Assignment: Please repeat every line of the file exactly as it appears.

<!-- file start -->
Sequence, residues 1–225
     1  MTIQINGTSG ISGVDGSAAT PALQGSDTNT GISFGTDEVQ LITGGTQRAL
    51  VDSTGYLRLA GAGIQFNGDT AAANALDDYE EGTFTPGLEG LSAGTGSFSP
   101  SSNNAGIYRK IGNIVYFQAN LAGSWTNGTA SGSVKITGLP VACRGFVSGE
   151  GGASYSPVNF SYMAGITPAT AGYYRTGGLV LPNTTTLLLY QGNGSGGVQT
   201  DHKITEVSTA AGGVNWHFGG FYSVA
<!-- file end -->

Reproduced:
Sequence, residues 1–225
     1  MTIQINGTSG ISGVDGSAAT PALQGSDTNT GISFGTDEVQ LITGGTQRAL
    51  VDSTGYLRLA GAGIQFNGDT AAANALDDYE EGTFTPGLEG LSAGTGSFSP
   101  SSNNAGIYRK IGNIVYFQAN LAGSWTNGTA SGSVKITGLP VACRGFVSGE
   151  GGASYSPVNF SYMAGITPAT AGYYRTGGLV LPNTTTLLLY QGNGSGGVQT
   201  DHKITEVSTA AGGVNWHFGG FYSVA